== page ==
To be successful at anything in life you have to have a solid base of good habits. Motivation can only get you so far because at some point or another it starts to wain. As far as a few good training habits go, here is a little piece I wrote quite some time ago and I feel like this is a good time for a re share.

Good Training Habits

As your coach it is my responsibility to program intelligently and keep you safe. As an athlete it is your responsibility to develop good training habits. Here is an overview of three great habits that will significantly enrich your training experience.

Be Proactive With Your Movement Prep
Personalized maintenance on your body is important.  Even 10 minutes of DIY movement prep before class can go a long way in keeping you fit and pain free.  After you have arrived and are changed, take advantage of the time you’ve got to start moving. Here is some examples:

Row an easy 300-500m on the erg. Start to get your heart rate up and a light sweat going.  I recommend holding 20 strokes per minute while rehearsing good form.

Stretch/Foam Roll
Many of us know where our tightest areas are – they’re the ones that make it difficult to squat below parallel or press a barbell overhead.  Spend a few minutes mobilizing and doing some soft tissue work (foam roller/LAX ball, etc) on your ‘problem areas’.  If you don’t know where to begin, simply ask and we’ll help with what you should be prioritizing.

Log all your Workouts 
Training without logging is like driving without a road map: you don’t know where you’ve been or where you’re going.  Taking notes on each training session will help you keep track of your progress, and will help me make informed decisions about how to assist you in choosing weights and scaling movements. Each day it’s important to list some quantitative and qualitative notes about your training session. Here is an example:

10 Wall Squats
5 Pull ups
5 KB Swings
10 Push-ups to a 12” box

(Moved up to Blue KettleBell)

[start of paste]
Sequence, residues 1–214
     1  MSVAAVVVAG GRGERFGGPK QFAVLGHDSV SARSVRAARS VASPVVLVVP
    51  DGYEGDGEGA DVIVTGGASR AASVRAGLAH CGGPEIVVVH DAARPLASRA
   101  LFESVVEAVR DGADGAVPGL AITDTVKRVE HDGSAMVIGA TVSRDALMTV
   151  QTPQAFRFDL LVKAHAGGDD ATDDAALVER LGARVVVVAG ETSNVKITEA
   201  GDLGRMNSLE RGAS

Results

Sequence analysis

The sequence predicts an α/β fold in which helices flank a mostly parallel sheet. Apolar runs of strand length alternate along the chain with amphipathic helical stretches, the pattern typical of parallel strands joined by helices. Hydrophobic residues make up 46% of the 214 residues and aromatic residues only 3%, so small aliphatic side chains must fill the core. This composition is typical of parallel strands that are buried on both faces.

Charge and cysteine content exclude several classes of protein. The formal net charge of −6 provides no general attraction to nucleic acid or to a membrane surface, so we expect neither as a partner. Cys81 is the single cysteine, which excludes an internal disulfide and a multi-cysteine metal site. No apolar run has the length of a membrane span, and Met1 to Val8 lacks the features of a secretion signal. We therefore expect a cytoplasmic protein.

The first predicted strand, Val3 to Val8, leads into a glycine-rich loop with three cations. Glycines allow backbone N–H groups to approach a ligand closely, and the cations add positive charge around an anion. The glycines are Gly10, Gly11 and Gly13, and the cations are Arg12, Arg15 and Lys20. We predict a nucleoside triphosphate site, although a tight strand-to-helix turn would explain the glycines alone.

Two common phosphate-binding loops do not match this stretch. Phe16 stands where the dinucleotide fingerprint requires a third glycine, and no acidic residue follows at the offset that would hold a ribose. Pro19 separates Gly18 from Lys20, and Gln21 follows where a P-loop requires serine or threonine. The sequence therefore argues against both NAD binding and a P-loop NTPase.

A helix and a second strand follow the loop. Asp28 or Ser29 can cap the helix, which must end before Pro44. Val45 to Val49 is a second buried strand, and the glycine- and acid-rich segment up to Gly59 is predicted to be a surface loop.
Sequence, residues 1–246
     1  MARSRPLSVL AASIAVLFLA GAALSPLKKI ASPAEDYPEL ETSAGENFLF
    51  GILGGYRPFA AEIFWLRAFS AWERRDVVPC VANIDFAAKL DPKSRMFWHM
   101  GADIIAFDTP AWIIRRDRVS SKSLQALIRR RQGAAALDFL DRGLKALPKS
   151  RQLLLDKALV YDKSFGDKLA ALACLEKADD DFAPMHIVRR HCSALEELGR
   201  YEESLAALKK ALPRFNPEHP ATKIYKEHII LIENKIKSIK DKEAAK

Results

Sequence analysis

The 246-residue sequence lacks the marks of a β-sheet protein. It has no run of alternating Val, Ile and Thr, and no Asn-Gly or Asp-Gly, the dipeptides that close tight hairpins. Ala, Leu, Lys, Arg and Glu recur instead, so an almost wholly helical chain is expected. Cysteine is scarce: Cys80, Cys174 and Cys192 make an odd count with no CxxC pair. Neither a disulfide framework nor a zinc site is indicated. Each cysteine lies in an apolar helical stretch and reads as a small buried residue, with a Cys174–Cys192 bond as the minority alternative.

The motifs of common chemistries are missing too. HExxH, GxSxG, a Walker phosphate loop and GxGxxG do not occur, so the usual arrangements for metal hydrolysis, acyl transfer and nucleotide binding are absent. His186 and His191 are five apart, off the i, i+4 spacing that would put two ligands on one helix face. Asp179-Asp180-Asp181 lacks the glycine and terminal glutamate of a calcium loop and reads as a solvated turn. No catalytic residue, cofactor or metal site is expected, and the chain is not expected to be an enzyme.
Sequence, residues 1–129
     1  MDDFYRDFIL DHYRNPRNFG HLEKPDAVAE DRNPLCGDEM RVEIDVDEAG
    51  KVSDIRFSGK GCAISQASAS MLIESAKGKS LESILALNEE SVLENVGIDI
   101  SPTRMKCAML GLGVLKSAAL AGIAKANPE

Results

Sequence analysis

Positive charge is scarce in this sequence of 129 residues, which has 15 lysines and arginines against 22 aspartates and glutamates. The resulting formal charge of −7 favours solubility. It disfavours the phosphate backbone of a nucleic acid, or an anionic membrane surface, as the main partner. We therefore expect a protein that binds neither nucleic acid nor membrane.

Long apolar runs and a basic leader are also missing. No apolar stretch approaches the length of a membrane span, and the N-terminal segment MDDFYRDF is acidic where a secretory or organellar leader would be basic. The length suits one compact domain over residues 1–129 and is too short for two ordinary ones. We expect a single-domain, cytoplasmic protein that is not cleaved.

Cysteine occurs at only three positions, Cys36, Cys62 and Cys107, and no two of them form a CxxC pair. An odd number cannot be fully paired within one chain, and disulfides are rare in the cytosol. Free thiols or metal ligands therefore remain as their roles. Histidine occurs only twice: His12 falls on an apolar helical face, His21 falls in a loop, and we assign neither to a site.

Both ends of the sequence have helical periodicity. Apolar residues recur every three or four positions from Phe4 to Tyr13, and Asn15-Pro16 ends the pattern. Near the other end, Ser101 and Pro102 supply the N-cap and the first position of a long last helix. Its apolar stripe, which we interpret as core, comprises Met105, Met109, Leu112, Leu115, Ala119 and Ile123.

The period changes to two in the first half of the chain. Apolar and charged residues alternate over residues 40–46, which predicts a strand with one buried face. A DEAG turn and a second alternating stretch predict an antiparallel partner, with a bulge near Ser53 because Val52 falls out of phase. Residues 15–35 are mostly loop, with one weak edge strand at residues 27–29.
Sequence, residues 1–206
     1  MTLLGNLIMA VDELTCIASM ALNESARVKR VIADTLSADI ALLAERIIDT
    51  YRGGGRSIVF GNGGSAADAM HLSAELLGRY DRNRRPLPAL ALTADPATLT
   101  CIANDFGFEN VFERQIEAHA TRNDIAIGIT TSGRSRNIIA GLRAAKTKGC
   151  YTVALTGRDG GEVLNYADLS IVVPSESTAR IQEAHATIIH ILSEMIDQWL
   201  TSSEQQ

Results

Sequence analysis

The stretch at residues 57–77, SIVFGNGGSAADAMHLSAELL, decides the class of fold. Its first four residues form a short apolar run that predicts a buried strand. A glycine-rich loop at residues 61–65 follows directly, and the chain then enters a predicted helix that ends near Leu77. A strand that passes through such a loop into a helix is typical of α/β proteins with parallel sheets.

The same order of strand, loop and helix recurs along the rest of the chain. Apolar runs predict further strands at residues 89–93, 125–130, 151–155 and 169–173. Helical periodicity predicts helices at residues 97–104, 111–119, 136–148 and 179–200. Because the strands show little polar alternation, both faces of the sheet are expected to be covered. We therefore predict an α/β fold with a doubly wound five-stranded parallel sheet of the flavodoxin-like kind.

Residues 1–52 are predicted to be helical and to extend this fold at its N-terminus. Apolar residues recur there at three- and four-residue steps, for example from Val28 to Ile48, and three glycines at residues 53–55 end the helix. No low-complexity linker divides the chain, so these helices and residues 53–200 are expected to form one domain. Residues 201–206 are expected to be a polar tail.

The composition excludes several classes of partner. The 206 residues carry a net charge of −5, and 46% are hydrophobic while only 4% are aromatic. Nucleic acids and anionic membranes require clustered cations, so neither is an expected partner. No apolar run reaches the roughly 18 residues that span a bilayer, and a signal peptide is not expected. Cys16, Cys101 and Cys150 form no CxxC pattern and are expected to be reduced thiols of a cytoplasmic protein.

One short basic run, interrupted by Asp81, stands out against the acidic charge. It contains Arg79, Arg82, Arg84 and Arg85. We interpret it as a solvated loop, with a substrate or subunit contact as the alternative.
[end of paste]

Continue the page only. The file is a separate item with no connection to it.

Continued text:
AMRAP 15 minutes:
Row 350m
12 KB Swings, 16 Kgs

4 Rounds + 320m
Kept rows at about 2:23 splits, felt hard but do-able. Remember to let the hips do the work in the KB swing!

You can track your workouts in a journal.  As your coach, I LOVE to read the details of your workout. It gives me a deeper perspective into your progress, and to our school’s programming.

Start Slow and Maintain Perspective
We take our training seriously at Tofino School of Fitness and that comes with a great deal of responsibility. Our movement pool uses serious strength and conditioning exercises in order to develop a broad and inclusive fitness.  If we don’t treat these movements and workouts with respect, training plateaus and injuries are sure to follow.  The best way to ensure your success and training longevity is to start slowly and develop a rock-solid technical base. In fact, the first few months you start training, intensity should not be a significant concern.  The movements are potent enough, and consistently performing them will create a favorable adaptation. Only after you feel comfortable with most of our exercises and have a working knowledge of your weights should you start ramping up the intensity.

Training with a life long perspective is incredibly important – remember that you’re here to build yourself up not break yourself down.  Scaling workouts properly, listening to your body and checking your ego at the door will allow you to workout successfully for years to come. Most importantly, have fun with this and enjoy the process.



Back Squat 2 x 12
Front Squat 2 x 8

Warm up and perform your work sets on the Back Squat and then move directly to your work weight for the Front Squats. If last weeks sets went well add 5-10lbs to your working sets.



In teams of 2 with one partner working at a time…
AMRAP 18 Minutes:

5 Push Up
10 Goblet Reverse Lunges
15 Kettlebell Swings
20/15 Calorie Row